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Traditional grammar textbook

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Traditional grammar textbook

Postby Jacobus » Tue Mar 03, 2009 1:22 pm

Salvete omnes,

I have been learning Latin almost exclusively from Lingua Latina. Up until now I have been happy just chugging along at a fair pace absorbing Ørberg's masterpiece. However, I think that one of the best ways to make words stick is through composition. Although I am learning many new words from Lingua Latina, I feel I must learn the grammar far faster. Is Wheelock's Latin the best option for this? I have never seen it, and have only read about it what is on this forum and the main page of the official website. Although exercises are useful, I am primarily after explanations and a fair amount of examples - tense formation, tense use, subjunctive etc...

If Wheelock is not the best way to go, then what does everyone else think? I will still carry on with Lingua Latina, but I want a stronger foundation of Latin grammar than is presented (in terms of explanation) in Lingua Latina.

Valete, multas gratias

Jack
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Re: Traditional grammar textbook

Postby Superavi » Tue Mar 03, 2009 9:15 pm

I haven't used Wheelock's, but from everything I've heard about it all the grammar is just kinda hurled out there at you. So yeah, I think that would be a good choice.
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Re: Traditional grammar textbook

Postby Lex » Tue Mar 03, 2009 9:20 pm

What about Moreland & Fleischer? I don't know if it has enough examples for your taste, though.
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Re: Traditional grammar textbook

Postby Jacobus » Tue Mar 03, 2009 10:30 pm

Thanks for your views. Lex, it's nice to be given another choice from what seems to be the status quo around here. I am about to look into your link.

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Re: Traditional grammar textbook

Postby Lex » Tue Mar 03, 2009 11:08 pm

Jacobus wrote:Thanks for your views.


It's not really a view. I don't know enough about Latin to have one. I just mentioned another book that, coincidentally, has a board for it here at Textkit. That way, you have a choice.
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Re: Traditional grammar textbook

Postby Jacobus » Tue Mar 03, 2009 11:45 pm

Okay, perhaps I chose the wrong word. What I was after really was a reference grammar. That way, I don't get into the habit of decoding sentences like I've heard from some users of Wheelock. I read in a few places about there being inaccuracies in the Latin in Moreland and Fleischer, so I am a bit hesitant about that. In any case, a reference grammar would be best, as I am very prone to picking up bad habits. Does anyone have any suggestions on that? Also, I'd be interested to hear about the alleged inaccuracies in Moreland and Fleischer.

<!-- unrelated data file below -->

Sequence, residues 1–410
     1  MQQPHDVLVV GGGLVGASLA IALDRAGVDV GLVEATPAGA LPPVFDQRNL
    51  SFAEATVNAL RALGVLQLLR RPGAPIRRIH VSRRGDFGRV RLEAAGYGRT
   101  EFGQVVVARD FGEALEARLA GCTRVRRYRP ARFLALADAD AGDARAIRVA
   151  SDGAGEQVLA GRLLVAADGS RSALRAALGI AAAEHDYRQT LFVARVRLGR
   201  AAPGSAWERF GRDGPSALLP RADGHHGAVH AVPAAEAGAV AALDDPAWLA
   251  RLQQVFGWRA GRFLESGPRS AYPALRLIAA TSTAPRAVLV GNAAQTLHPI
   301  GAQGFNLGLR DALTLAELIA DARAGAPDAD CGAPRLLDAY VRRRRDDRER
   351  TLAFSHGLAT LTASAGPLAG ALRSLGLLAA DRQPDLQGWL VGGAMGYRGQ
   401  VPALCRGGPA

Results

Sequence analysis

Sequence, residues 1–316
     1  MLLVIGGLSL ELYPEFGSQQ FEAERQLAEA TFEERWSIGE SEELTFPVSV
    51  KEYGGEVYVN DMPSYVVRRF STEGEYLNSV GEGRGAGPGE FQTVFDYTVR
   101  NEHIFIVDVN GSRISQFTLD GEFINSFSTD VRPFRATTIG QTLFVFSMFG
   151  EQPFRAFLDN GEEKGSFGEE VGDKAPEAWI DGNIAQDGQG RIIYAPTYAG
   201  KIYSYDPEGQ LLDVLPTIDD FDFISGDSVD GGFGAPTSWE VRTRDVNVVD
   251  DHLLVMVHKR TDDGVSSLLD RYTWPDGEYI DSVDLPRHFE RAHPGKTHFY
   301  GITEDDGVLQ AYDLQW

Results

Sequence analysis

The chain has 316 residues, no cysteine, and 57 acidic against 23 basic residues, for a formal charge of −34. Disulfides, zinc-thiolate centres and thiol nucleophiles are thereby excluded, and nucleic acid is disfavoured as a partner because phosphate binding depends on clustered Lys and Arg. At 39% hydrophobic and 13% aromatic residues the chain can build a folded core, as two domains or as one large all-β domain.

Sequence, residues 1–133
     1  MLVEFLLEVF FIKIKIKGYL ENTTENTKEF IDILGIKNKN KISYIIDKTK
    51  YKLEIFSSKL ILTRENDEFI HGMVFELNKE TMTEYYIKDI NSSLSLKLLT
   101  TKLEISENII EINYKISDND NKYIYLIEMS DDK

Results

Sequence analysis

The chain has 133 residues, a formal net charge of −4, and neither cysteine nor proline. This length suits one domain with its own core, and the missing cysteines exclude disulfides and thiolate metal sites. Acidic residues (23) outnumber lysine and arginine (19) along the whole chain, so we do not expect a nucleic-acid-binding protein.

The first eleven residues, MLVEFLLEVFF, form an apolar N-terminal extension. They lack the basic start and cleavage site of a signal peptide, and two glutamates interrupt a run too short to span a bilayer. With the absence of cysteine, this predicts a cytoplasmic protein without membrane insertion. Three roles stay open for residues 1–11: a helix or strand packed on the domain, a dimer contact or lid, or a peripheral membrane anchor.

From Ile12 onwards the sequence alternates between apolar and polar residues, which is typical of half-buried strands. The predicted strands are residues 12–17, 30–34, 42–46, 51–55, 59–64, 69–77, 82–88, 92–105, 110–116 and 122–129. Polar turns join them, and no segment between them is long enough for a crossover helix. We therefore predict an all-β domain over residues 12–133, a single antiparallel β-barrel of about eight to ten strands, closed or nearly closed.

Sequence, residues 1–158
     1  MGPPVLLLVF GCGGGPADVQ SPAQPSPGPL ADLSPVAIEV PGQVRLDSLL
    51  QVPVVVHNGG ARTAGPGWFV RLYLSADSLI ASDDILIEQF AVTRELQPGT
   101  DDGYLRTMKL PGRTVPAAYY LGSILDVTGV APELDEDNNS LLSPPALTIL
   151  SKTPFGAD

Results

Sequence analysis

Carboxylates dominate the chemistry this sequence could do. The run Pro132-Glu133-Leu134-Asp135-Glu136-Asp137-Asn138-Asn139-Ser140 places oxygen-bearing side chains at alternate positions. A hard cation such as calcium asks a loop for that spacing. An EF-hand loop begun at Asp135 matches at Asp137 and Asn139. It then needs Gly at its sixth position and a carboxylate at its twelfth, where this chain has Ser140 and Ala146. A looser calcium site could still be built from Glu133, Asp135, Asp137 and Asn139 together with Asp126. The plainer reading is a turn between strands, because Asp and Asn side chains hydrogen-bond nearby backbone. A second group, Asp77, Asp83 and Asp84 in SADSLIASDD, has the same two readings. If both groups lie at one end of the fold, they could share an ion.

Gratias maximas

Jack
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Re: Traditional grammar textbook

Postby Lex » Wed Mar 04, 2009 12:34 am

You could always go to fellow Textkitten edonnelly's site, and download PDF copies of some of the classics.
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Re: Traditional grammar textbook

Postby edonnelly » Wed Mar 04, 2009 2:20 am

Lex wrote:You could always go to fellow Textkitten edonnelly's site, and download PDF copies of some of the classics.


Well that, of course, is a brilliant idea!

Actually, from what I read in the original post, the best option may be one of Latin Books with Keys. There are several composition books there for latin learners of different levels. Personally, I think composition books without answer keys are useless, which is why I list all the books I could find keys for in their own section.

Another option is North and Hillard's Latin Prose Composition which also has a key, both of which are hosted right here on textkit. It's rather challenging, though, so depending upon exactly what one wants to learn, it may be better put off until later.

Wheelock's (a book you can buy) and D'Ooge's (a freebie) are standard latin text books. That is, they will introduce a concept, have some latin->english exercises, some english->latin ones and then a story or so to translate. These are both good books, but my guess is that depending upon how much you've learned from LL, they may be a little tedious, covering lots of material that you already know. A pure composition book, though, can really zero in on a lot of the subtleties that are hard to extract from either LL or the more traditional texts. Anyway, the great thing is that there are tons of options, the majority of which are completely free, so you can look around at a lot of stuff to find which best matches your needs.
The lists:
G'Oogle and the Internet Pharrchive - 1100 or so free Latin and Greek books.
DownLOEBables - Free books from the Loeb Classical Library
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Re: Traditional grammar textbook

Postby paulusnb » Wed Mar 11, 2009 3:22 am

Wheelock's is a textbook, not a reference. It is probably a good complement to Lingua Latina. Our Latin Heritage is a good (I say better) non-inductive textbook option http://product.half.ebay.com/Our-Latin- ... 5QQtgZinfo Each chapter (60) contains 10 Latin to English and 10 English to Latin sentences plus a paragraph.

As for reference, what is wrong with Allen and Greenough? It is what I use. http://www.amazon.com/Allen-Greenoughs- ... 639&sr=8-1

textkit also has a pdf of this.

Super Latin Review, which is set up like a textbook but still resembles a reference, is pretty good, and cheap! http://www.amazon.com/Latin-Super-Revie ... 700&sr=1-1



On a not so related note...edonnely, if I had had access to a key of Bradley's Arnold during college, I might not be the broken man I am today. :D
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